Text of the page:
L.A. City and County COVID-19 Weekly Update - California COVID-19 Guidance: Week in Review - July 2020 #4

Manatt, Phelps & Phillips, LLP

Manatt, Phelps & Phillips, LLP

COVID-19 at an Inflection Point in Los Angeles

Last week, Los Angeles was at another inflection point in the County’s fight against COVID-19. While indicators continue to rise, officials have noted reasons for optimism.

At a County briefing on Wednesday, July 22, 2020, Public Health Director Dr. Barbara Ferrer provided an update on the overall situation, noting that infections and hospitalizations are rising among younger Angelinos, while seniors remain the majority of deaths. She stated that this week “can be a turning point” on how we respond to the virus. Broadly, Dr. Ferrer said that she was hopeful, in part because we have not seen a sharp increase in infection rates and because hospitalization rates appear to have stabilized.

At the same briefing, LA County Health Director Dr. Christina Ghaly noted that, as the focus of the pandemic has shifted to a younger population, more patients are able to be treated without ICU care and ventilators, reducing the strain on the County’s hospitals and ICUs in particular.

Also, on Wednesday, July 22, 2020, Mayor Garcetti echoed the possibility of a more cautious reopening process in the near future.


During the Los Angeles County Board of Supervisors meeting on Tuesday, July 21, the Board voted to approve the proposed allocation of $1.22 billion in CARES Act funding. The funds will be used to help pay for the County’s testing and healthcare spending to combat the virus, as well as to provide ongoing assistance to residents impacted by the economic downturn.


On Wednesday, July 22, Dr. Ferrer addressed school reopenings in the County. She noted that the Governor’s July 17, order on school reopening does allow local Health Officers to grant waivers to reopen schools (public or private) in certain grades (T-K to grade 6). School districts will likely be able to apply for these waivers in the next week or two, once the County has fully defined the process. She noted that the process, including the underlying data for any waiver, will be posted publicly. On Thursday, July 23, Dr. Ferrer convened a discussion with local school Superintendents and other education leaders. According to an article in the LA Times, the County’s Department of Public Health said that it may require public school districts seeking a waiver to reopen in the fall to have a letter of support from the teachers’ union in the district.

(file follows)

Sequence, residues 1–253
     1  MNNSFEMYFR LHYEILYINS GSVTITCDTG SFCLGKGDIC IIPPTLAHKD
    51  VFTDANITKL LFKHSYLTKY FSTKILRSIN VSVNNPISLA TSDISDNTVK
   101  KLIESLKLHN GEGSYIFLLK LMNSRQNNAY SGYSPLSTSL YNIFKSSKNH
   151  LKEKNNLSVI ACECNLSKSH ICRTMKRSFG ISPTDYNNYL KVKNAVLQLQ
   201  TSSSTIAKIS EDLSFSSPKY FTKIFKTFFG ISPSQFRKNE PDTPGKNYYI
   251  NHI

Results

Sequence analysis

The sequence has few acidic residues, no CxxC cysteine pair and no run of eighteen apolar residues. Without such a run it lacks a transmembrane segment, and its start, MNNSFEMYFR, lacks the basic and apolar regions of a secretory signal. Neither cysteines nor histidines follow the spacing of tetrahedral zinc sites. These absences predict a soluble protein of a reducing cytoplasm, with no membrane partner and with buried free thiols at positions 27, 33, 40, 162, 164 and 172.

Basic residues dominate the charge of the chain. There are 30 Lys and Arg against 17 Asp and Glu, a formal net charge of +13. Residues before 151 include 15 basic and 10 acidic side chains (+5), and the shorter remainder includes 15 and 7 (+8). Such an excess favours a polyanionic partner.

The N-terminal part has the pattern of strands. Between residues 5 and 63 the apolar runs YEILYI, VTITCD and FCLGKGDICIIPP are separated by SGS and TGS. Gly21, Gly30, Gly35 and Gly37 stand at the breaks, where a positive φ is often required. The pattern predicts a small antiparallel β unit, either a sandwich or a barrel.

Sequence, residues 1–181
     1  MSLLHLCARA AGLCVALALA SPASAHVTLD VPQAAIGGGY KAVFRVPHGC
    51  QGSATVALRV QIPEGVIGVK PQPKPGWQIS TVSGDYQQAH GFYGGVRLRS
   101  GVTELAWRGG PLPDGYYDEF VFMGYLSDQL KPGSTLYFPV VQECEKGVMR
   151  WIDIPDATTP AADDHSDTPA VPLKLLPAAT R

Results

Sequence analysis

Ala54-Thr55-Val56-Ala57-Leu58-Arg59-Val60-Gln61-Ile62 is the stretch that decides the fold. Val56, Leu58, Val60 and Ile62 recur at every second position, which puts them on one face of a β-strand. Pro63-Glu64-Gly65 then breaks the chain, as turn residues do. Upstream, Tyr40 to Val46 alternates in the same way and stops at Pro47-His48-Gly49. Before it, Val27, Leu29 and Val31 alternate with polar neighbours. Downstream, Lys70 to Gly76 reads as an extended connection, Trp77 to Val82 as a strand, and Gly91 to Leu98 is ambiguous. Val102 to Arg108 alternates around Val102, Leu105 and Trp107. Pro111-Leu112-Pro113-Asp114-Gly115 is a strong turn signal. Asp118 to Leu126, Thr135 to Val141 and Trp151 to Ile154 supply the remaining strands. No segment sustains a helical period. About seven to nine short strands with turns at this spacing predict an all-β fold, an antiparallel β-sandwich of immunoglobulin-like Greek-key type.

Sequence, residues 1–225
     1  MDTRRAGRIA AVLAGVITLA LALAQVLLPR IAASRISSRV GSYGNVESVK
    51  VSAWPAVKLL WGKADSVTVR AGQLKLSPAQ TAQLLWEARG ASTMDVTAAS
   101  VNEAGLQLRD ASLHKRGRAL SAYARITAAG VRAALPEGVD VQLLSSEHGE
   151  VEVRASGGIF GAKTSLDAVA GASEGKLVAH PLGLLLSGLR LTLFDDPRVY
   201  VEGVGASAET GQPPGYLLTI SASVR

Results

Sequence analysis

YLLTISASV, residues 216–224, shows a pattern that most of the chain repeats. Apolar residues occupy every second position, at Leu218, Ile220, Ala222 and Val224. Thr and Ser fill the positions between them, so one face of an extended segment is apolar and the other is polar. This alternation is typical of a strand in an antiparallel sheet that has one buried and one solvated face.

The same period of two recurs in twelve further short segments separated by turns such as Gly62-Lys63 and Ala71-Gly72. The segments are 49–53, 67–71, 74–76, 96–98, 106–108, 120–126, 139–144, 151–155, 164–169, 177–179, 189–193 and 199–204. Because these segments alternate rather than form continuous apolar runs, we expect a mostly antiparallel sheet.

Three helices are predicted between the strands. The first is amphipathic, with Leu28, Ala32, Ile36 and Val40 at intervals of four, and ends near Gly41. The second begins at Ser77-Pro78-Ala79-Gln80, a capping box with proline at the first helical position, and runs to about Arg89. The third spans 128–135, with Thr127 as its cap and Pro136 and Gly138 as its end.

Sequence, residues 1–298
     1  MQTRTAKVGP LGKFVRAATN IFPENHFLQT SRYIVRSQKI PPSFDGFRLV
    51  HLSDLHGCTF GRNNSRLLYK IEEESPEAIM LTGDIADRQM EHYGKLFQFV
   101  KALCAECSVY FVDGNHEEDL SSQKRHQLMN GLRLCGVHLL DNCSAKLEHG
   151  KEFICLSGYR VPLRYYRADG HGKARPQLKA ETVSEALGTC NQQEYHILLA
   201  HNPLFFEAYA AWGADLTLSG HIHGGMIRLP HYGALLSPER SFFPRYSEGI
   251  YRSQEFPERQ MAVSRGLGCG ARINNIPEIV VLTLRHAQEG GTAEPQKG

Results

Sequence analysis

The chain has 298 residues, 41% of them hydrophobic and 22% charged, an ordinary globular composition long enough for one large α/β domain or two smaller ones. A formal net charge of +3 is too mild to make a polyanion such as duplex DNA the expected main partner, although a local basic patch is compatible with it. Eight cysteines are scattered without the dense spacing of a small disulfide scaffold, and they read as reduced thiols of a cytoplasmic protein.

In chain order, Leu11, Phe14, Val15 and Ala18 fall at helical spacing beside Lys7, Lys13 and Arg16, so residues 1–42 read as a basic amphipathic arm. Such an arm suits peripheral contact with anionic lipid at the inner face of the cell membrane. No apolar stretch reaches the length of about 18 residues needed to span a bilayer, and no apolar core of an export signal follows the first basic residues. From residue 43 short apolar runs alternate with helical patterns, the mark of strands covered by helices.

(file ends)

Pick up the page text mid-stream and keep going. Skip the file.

On Tuesday, July 21, the Board of Supervisors approved a motion to develop a framework that would permit employee-based reporting of violations of County Health Officer Orders and workplace guidelines intended to combat the spread of COVID-19. In moving forward with this proposal, the Supervisors noted that employees could play a crucial role in complementing governmental enforcement at workplaces throughout the County. Enlisting employees to serve as reporting monitors is designed to identify and curtail potential violations. More information is available here.

Manatt will continue to monitor developments around this proposal, including any potential systems ultimately created regarding enforcement of COVID-19 safety regulations.

On Thursday, July 23, the County Department of Public Health also announced that it would be commencing an enforcement plan related to the County’s COVID-19 Health Officer Orders. Per the County’s statement:

Beginning at the end of August, fines will be issued to businesses that are non-compliant that can range from $100 for the first offense to $500 and a 30 day permit suspension for multiple offenses. This includes businesses licensed and permitted by the department and those that are not.

The County noted that since the start of the pandemic, it has received 17,808 Health Officer Order complaints and investigated more than 17,000 restaurants, more than 3,500 grocery stores, more than 600 pools, and more than 3,000 other businesses. In response, the County has shut down 26 restaurants, 1 grocery store, 1 pool, and 67 other businesses for “Health Officer Order violations.”

DISCLAIMER: Because of the generality of this update, the information provided herein may not be applicable in all situations and should not be acted upon without specific legal advice based on particular situations.

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